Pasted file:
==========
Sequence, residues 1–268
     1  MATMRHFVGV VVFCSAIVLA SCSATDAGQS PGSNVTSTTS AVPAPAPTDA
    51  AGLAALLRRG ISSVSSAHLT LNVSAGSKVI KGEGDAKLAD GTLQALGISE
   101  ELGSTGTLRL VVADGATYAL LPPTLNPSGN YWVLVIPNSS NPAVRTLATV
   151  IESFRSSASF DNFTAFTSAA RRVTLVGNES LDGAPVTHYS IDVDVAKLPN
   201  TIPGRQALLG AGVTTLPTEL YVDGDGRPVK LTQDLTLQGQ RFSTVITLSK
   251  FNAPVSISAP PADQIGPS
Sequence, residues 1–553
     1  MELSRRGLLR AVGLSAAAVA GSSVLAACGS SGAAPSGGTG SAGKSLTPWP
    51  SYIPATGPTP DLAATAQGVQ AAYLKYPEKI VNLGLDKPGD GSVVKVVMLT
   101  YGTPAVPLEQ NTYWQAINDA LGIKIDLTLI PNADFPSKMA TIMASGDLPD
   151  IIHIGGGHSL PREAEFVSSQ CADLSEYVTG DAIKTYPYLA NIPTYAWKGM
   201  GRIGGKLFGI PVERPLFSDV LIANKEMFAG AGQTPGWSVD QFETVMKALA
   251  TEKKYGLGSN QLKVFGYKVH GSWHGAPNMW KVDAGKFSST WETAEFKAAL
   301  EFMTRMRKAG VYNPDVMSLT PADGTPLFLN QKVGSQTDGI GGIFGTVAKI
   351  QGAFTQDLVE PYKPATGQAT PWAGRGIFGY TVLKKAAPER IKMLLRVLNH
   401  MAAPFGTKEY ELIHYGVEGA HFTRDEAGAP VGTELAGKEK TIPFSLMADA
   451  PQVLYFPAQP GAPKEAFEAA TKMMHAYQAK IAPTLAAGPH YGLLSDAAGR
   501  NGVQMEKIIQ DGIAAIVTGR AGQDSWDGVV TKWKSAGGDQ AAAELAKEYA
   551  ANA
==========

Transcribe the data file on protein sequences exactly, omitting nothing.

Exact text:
Sequence, residues 1–268
     1  MATMRHFVGV VVFCSAIVLA SCSATDAGQS PGSNVTSTTS AVPAPAPTDA
    51  AGLAALLRRG ISSVSSAHLT LNVSAGSKVI KGEGDAKLAD GTLQALGISE
   101  ELGSTGTLRL VVADGATYAL LPPTLNPSGN YWVLVIPNSS NPAVRTLATV
   151  IESFRSSASF DNFTAFTSAA RRVTLVGNES LDGAPVTHYS IDVDVAKLPN
   201  TIPGRQALLG AGVTTLPTEL YVDGDGRPVK LTQDLTLQGQ RFSTVITLSK
   251  FNAPVSISAP PADQIGPS
Sequence, residues 1–553
     1  MELSRRGLLR AVGLSAAAVA GSSVLAACGS SGAAPSGGTG SAGKSLTPWP
    51  SYIPATGPTP DLAATAQGVQ AAYLKYPEKI VNLGLDKPGD GSVVKVVMLT
   101  YGTPAVPLEQ NTYWQAINDA LGIKIDLTLI PNADFPSKMA TIMASGDLPD
   151  IIHIGGGHSL PREAEFVSSQ CADLSEYVTG DAIKTYPYLA NIPTYAWKGM
   201  GRIGGKLFGI PVERPLFSDV LIANKEMFAG AGQTPGWSVD QFETVMKALA
   251  TEKKYGLGSN QLKVFGYKVH GSWHGAPNMW KVDAGKFSST WETAEFKAAL
   301  EFMTRMRKAG VYNPDVMSLT PADGTPLFLN QKVGSQTDGI GGIFGTVAKI
   351  QGAFTQDLVE PYKPATGQAT PWAGRGIFGY TVLKKAAPER IKMLLRVLNH
   401  MAAPFGTKEY ELIHYGVEGA HFTRDEAGAP VGTELAGKEK TIPFSLMADA
   451  PQVLYFPAQP GAPKEAFEAA TKMMHAYQAK IAPTLAAGPH YGLLSDAAGR
   501  NGVQMEKIIQ DGIAAIVTGR AGQDSWDGVV TKWKSAGGDQ AAAELAKEYA
   551  ANA